How have you leveraged your Ross experience in your career?
The Ross network has proven invaluable throughout the past four years: at every firm, I have had an important tie to Ross that has enhanced my experience. Most immediately, a Rosser connected me with CCA, leading to my current job. At Deloitte, I leveraged the Ross network – from Partners to fellow senior consultants – to build my network, identify projects, and get informal feedback and support. At EY, a Senior Manager from Ross took me under her wing and acted as a trusted mentor and coach.
From an academic perspective, I’ve leveraged a number of my classes – most notably, my MO classes. I find myself frequently thinking back to discussions about leadership and management in my intro MO classes as I manage consulting teams; recalling the “personality types” questionnaires that we took in MAP coaching as I mentor my new analysts; and leveraging concepts from my Negotiations class like “anchoring” and “BATNA” as I propose options to our clients.
How does working for CCA compare to your previous consulting roles? What is a typical day like for someone working at CCA?
My favorite thing about CCA is that I can apply the consulting frameworks, approaches and skills that I honed at EY and Deloitte to projects focused on community impact in the city I live in – CCA’s vision is to make Chicago a better place to live, work, and do business.
As a result, my day to day work will sound very similar to the types of things I would have done at Deloitte or EY, but with a distinct nonprofit or civic sector lens. A typical day may have me leading a series of stakeholder interviews for my project, then running to a meeting at the Mayor’s Office to scope out a potential new project. I’ll spend the afternoon working with my analysts to develop a financial model assessing impact in underserved communities, then I’ll update my Partner on the work plan for a new project we’re starting. Finally, I’ll spend time reconnecting with my old Deloitte colleagues to identify opportunities to bring them in as a “pro bono” team to support one of our projects.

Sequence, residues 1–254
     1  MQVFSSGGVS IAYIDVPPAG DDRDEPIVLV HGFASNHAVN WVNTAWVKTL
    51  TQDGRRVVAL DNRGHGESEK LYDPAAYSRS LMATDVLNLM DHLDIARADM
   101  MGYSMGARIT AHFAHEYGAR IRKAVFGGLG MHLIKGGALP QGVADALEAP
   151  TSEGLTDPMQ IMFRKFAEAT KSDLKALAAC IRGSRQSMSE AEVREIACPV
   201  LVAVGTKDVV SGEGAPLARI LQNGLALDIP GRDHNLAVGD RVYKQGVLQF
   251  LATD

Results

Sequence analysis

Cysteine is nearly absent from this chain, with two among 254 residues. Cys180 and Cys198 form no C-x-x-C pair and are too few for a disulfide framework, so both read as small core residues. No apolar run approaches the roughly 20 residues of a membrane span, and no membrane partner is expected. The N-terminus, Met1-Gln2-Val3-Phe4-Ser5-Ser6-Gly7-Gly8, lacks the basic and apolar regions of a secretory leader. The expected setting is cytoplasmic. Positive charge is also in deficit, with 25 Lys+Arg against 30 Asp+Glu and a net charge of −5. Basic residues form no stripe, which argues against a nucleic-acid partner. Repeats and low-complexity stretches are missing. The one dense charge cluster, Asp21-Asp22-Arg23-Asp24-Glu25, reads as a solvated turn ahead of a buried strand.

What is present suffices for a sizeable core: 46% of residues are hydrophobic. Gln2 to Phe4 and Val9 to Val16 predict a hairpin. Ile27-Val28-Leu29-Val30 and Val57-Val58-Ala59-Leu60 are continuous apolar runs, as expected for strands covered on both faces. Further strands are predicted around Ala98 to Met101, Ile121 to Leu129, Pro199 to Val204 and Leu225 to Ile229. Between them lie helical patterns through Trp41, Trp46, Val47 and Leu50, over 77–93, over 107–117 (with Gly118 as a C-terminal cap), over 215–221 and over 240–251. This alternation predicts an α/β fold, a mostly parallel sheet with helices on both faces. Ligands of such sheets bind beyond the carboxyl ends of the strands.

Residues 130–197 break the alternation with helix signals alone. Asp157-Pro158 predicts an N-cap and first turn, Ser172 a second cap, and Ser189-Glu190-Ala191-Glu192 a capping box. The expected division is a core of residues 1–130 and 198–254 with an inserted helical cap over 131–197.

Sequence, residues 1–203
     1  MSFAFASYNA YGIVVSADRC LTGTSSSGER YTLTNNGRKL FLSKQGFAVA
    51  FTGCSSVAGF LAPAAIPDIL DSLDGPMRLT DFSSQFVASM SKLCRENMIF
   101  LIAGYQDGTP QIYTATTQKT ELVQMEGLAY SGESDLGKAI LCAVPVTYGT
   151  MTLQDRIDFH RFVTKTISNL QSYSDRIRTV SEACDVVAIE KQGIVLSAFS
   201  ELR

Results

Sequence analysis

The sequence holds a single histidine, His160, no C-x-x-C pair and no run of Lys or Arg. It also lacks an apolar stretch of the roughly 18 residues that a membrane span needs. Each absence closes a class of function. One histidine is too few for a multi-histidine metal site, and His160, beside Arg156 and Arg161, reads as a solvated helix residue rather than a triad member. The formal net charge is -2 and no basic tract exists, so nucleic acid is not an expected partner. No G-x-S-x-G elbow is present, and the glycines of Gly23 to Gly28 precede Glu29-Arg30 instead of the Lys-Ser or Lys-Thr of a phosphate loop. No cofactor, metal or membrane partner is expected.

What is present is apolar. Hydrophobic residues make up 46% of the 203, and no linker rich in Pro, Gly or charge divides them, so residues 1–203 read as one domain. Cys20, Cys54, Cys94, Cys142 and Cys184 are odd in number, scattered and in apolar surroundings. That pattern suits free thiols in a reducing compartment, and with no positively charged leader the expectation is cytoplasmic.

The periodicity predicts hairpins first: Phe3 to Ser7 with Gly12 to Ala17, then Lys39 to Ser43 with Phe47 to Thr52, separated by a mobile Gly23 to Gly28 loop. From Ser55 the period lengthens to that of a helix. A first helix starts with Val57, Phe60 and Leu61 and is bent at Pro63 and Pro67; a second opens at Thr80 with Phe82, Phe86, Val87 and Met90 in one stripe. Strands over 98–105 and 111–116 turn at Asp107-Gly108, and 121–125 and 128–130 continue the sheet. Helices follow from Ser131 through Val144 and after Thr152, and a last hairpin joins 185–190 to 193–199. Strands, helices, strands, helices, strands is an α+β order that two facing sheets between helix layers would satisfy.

I love what I do at CCA because it leverages the skills and expertise I honed in the private sector to make a difference in the social sector.
Do you have any advice for students aiming to make a career in the social sector?
For students aiming to make a career in the social sector, I have a few pieces of advice:
- Take advantage of social impact opportunities at Ross – there is nothing like hands-on experience in this space, whether it’s through MAP, Community Consulting Club or the Detroit Revitalization and Business Initiative, the Social Venture Fund, or a Center for Social Impact summer internship!
- Network, network, network! People are in the social impact field because they are passionate about making a positive change. They are happy (and eager!) to talk to people about the work they do, and their path to this role.
- Be patient – A lot of social sector recruiting happens on a “just in time” basis – which means you may be looking for summer internships and/or full-time jobs in April / May.
- Stay engaged – Even if you don’t go into the social sector right after Ross (I’m a prime example!), stay involved in your community through junior boards, volunteer work, and coffee chats with individuals who work in the space. It’ll help keep you current on the challenges facing your community and will keep you motivated to make a difference.
Civic Consulting Alliance will be accepting applications for their Summer Associate position in early winter term. In the meantime, students interested in learning more about this opportunity should contact the Center for Social Impact at email@example.com to be connected with Stephanie.